On occasion, you will find her teaching kids cooking classes centered on introducing cultures through food. In her downtime, she enjoys playing music, cooking, hiking, exploring and spending time with family.
She serves on many local, state and national boards that support community activism and local economy through arts, food, culture and tourism. She recently served as Chair of the Board of Alternate Roots. In 2015 she founded Artist Market-Pembroke, providing retail opportunities for local and regional artists in southeast North Carolina. Her love of community and films is expressed as the curator of the annual Lumbee Film Festival (along with Cucalorus) and the quarterly CommUnity Cinema (in partnership with Working Films). She expresses her creativity as a writer and workshop/training facilitator.
Through Be Connected Durham, Angel has emerged as an urban visionary, championing community initiatives that connect organizations like Duke Performances, Carolina Performing Arts, Airolina Young Aviators, SheaMoisture, and more, to their authentically diverse target audiences. Each of Be Connected Durham’s projects serve as campaigns to affect positive change for marginalized, yet highly capable and valuable contributors to our society.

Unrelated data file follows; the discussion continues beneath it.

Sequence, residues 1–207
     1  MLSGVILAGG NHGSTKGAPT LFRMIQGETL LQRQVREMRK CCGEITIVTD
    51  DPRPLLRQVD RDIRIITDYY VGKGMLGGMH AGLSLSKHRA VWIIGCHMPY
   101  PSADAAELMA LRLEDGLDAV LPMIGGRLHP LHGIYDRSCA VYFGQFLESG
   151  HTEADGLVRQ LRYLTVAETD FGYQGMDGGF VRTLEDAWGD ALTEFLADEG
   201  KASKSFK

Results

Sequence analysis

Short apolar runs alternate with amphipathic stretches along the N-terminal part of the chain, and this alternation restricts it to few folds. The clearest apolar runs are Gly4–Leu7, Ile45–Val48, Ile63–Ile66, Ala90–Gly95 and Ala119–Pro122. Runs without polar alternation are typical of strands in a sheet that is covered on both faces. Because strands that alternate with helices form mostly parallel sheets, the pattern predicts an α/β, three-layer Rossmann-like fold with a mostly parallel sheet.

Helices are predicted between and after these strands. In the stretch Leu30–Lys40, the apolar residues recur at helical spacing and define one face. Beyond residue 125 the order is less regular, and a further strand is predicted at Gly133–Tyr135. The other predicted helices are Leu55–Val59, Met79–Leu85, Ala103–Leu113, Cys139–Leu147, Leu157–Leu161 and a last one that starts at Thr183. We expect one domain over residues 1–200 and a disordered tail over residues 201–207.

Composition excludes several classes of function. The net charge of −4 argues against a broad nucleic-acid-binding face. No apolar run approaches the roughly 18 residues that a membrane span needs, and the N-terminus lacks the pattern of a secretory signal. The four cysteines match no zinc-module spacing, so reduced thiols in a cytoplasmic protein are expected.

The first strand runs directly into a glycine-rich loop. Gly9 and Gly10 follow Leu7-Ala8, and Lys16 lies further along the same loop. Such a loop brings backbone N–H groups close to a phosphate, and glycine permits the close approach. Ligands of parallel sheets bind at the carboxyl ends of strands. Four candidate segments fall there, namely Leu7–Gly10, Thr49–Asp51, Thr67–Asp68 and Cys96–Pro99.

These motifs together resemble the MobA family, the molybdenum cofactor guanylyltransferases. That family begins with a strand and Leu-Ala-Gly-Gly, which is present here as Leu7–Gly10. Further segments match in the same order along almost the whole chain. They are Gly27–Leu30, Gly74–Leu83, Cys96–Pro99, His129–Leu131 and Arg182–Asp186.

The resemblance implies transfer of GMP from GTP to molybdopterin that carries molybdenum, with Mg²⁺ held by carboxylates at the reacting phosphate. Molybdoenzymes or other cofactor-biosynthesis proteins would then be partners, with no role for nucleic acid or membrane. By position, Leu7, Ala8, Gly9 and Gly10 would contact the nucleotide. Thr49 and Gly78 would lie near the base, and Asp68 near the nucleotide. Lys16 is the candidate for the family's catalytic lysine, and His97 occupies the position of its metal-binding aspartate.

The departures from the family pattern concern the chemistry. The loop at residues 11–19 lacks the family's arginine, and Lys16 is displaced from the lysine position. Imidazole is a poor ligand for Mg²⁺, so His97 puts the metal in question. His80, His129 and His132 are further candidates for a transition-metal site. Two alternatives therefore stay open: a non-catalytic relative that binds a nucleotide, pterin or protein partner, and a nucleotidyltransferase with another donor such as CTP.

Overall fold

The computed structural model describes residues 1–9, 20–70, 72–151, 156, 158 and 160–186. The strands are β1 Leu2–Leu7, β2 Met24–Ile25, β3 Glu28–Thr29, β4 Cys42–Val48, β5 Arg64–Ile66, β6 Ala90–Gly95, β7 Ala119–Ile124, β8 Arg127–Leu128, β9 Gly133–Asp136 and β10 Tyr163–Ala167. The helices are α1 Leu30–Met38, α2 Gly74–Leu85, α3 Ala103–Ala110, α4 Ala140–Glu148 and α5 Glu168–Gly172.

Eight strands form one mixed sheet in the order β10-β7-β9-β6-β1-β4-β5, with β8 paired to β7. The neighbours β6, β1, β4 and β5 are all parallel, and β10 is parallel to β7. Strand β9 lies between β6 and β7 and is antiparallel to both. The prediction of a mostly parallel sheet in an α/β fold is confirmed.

Caty Borum Chatoo
Borum Chattoo’s social-change storytelling, strategy and research work has been featured in USA Today, NPR, Businessweek, The Huffington Post, and PBS MediaShift, and her social justice documentaries have aired internationally and nationally on Netflix, the Sundance Channel, Pivot, NDTV (India), PBS World, Link TV, KCET, DirectTV and theatrically. She has produced two documentary feature films (Wal-Mart: The High Cost of Low Price and The After Party), a TV documentary and transmedia series (Stand Up Planet, starring Hasan Minhaj from “The Daily Show”), a multi-part documentary TV series focused on global poverty (ViewChange), a seven-part environmental justice documentary TV series (Sierra Club Chronicles), and PSA campaigns designed for social change on issues ranging from global poverty to climate change to HIV. At CMSI, her current research, creative and strategy work focuses on audience effects of documentary storytelling, nonfiction industry race and gender diversity, audience effects of entertainment storytelling across platforms, and the role of comedy in social justice.